Hometown: Colorado Springs
I first came to China in 2013 with my husband at the time to teach English. He wanted to learn Mandarin and as a 19 year old girl I decided that I wanted to go with him. We got married then and 3 weeks later embarked on a newlywed adventure in China.
What I imagined was dumplings, noodles, people who spoke conversational English and lots of change to make new friends and meet new people. What I found instead was quite different. I fell into a deeper depression than I’d started with (10 years on antidepressants didn’t seem to fix anything). People didn’t speak any English in this small town, and my adventurous spirit started to die down as the lack of support from my partner, distance from family and old eating disorder patterns re-emerging let to a Rachel drowning in soy sauce, biting Hunan winters and a thick feeling of isolation following her everywhere. That Rachel trucked through for a whole year.
My first taste of this foreign land left me with a bitter aftertaste and I felt resentful to the country. Though the few friends I did make there took such good care of me during that time. The warmth of the people despite the language barrier, the touches of childlike naivety in the countryside fold and the work ethic, history and food culture were always there to remind me of the good.
Despite the bitterness, I came to a place of peace. Because it was and is so different, it provided me a unique opportunity to truly reinvent myself without anyone knowing who I was or what had happened in my past. The constant feeling of being lost and cutoff from those around me provided the opportunity to reconnect with me, and with God, the universe and it’s purpose for me.
After 5 years of marriage, I needed that very place to rebuild myself. I returned to China 3 weeks after signing divorce papers. I’d spent 3 years in my home country on adventure navigating through the challenges of relationships, university, corporate life and entrepreneurship. Overall life was, as it always, filled with moments where I could look to the sky and feel complete freedom, as well as look at my life and see only white walls and prison bars.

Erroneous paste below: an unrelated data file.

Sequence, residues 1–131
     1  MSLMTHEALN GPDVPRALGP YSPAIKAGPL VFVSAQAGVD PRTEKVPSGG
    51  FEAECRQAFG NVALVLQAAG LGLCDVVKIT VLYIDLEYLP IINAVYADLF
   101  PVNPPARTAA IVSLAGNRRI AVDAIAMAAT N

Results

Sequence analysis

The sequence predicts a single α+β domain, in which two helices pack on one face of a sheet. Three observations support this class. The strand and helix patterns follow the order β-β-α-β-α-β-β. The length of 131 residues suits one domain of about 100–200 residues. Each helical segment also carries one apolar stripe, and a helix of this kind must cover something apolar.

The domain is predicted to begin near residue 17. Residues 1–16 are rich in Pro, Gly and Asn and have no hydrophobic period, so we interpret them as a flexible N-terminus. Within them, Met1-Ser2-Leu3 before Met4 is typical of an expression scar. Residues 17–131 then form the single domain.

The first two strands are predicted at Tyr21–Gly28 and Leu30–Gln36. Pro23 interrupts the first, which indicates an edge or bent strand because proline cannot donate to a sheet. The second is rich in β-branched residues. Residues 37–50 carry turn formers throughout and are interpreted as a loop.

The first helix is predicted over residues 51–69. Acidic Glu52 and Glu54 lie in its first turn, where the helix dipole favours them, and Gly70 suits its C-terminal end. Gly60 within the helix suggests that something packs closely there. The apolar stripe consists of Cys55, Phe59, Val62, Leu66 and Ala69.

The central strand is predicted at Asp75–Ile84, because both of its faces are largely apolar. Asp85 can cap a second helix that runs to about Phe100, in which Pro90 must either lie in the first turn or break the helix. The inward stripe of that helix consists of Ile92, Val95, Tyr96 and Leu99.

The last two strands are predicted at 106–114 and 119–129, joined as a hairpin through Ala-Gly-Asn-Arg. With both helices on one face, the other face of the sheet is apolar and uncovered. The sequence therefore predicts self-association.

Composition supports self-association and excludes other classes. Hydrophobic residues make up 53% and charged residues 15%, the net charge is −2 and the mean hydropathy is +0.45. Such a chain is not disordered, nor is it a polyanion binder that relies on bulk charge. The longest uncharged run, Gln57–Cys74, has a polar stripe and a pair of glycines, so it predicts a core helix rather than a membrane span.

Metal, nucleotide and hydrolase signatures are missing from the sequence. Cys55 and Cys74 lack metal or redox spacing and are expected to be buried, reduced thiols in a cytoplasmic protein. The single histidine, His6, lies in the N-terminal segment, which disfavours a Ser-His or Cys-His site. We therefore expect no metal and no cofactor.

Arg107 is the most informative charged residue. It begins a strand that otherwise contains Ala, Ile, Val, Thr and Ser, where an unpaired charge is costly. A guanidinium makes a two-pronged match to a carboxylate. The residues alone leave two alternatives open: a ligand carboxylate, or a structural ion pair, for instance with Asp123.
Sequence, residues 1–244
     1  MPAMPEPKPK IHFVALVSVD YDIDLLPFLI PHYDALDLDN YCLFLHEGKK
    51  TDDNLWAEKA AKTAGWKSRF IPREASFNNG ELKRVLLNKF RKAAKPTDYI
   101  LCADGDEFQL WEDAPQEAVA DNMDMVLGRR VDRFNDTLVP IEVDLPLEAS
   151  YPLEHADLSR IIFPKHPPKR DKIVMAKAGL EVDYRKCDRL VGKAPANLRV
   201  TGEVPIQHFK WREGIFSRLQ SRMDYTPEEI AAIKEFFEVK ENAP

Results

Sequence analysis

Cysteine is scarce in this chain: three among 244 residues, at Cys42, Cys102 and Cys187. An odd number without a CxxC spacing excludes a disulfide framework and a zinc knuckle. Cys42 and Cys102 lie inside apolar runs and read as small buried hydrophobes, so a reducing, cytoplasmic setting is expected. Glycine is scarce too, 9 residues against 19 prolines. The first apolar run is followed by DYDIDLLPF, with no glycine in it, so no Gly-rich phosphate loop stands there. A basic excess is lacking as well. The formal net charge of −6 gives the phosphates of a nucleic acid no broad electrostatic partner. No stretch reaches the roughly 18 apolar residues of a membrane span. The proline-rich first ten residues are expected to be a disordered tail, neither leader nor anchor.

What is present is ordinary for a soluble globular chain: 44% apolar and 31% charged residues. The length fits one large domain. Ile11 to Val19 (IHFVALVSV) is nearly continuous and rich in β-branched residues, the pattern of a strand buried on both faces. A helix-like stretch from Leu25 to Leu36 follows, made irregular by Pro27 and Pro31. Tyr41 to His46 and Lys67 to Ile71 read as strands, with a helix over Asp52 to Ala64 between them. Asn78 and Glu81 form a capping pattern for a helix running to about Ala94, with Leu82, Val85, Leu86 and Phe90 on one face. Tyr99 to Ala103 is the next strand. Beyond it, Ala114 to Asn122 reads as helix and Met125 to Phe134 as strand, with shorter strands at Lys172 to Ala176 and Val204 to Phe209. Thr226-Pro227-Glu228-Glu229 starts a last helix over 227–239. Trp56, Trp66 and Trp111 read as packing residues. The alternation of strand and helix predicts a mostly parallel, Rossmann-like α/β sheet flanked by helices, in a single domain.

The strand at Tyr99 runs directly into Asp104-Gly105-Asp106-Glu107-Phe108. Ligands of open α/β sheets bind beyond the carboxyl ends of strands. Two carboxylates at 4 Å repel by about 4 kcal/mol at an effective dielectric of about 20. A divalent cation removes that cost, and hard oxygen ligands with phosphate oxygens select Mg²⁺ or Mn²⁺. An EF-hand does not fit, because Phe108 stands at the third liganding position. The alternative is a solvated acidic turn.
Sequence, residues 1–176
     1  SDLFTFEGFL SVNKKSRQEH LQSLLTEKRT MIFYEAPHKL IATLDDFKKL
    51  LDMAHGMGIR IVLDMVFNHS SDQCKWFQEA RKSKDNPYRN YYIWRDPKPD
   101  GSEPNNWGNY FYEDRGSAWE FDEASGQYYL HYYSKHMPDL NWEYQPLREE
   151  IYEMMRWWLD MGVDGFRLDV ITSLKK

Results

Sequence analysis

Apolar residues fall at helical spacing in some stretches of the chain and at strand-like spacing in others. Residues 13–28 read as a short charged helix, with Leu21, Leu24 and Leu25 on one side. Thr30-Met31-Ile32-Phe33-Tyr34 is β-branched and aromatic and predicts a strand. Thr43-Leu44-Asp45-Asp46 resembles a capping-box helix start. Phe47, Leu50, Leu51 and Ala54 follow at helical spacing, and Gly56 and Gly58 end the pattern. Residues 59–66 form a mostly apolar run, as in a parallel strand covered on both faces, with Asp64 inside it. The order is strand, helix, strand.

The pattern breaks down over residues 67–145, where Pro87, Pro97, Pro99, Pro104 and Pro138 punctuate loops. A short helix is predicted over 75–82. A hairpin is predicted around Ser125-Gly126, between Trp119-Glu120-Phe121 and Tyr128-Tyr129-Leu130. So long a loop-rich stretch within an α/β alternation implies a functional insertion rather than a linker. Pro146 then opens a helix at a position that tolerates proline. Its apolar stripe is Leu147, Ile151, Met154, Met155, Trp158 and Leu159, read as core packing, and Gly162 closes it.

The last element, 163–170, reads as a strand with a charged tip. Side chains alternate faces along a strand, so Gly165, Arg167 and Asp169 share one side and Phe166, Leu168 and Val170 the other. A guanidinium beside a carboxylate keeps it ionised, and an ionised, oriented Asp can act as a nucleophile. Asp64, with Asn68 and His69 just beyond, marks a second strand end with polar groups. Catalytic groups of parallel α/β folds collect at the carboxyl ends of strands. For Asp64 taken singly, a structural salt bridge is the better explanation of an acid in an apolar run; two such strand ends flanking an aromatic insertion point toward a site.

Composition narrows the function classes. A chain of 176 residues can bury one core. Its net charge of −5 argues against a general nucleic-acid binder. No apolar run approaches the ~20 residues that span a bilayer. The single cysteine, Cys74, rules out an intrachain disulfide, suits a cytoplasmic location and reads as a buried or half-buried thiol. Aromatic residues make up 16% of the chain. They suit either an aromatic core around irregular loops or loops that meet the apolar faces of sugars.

The paradox of travel is that when you fell 100% lost then and only then can you have the ability to find yourself again. When the relationships, languages, familiar sceneries and customs are stripped away, what you have left is, just you.
I had lost myself in the relationship. My eating disorder had taken over my life. I cover these topics on my YouTube channel more, but suffice it to say that I could never have found answers without the shining red flag of China.
Everyone else saw irony. 3 weeks after marriage I moved to China. 3 weeks after the divorce I returned. But this time was different. This time I was choosing to go back to the place where I’d left my adventurous spirit. I needed to reclaim it. I had memories only of he and I there. I hadn’t totally chosen to go and live there. But round 2 was all mine. Rachel—strong, brave, powerful, badass, ripping away all security blankets with an aggressive passion of a woman who has only one purpose- to rewrite a painful story and make it her own. To thrive in her health and experience the adventure of life on her own accord.
Right now COVID has prevented me from taking any trips outside this bubble. VPN allows me to talk with friends and family and share memories of previous travels with other solo female travelers.
What is so amazing though, is how much of the world we miss. When we have no escape from our life through travel. We have only our solved and our minds and our problems. It’s easy to get lost in the struggle of wanting to feel the sun of Thailand but being stuck in the 320+ AQI of Shanghai winters.
Yet what I find to be most true – from the 19 year old girl until now, is the adventure is endless when we turn inside and explore ourselves the same way we would when we travel.
Is the river of the Nile any more magnificent than the rivers of love that flow between those around us? Is the hike to Mount Everest any more freeing than overcoming an eating disorder and looking back to say, wow. I just did that? Can Cabo compete with a complete recreation of your career, romance, family life or body image?
You get to decide for yourself. But I think you know where I stand.
Travel advice: Plan as minimally as possible and search for openness inside you when you are there.
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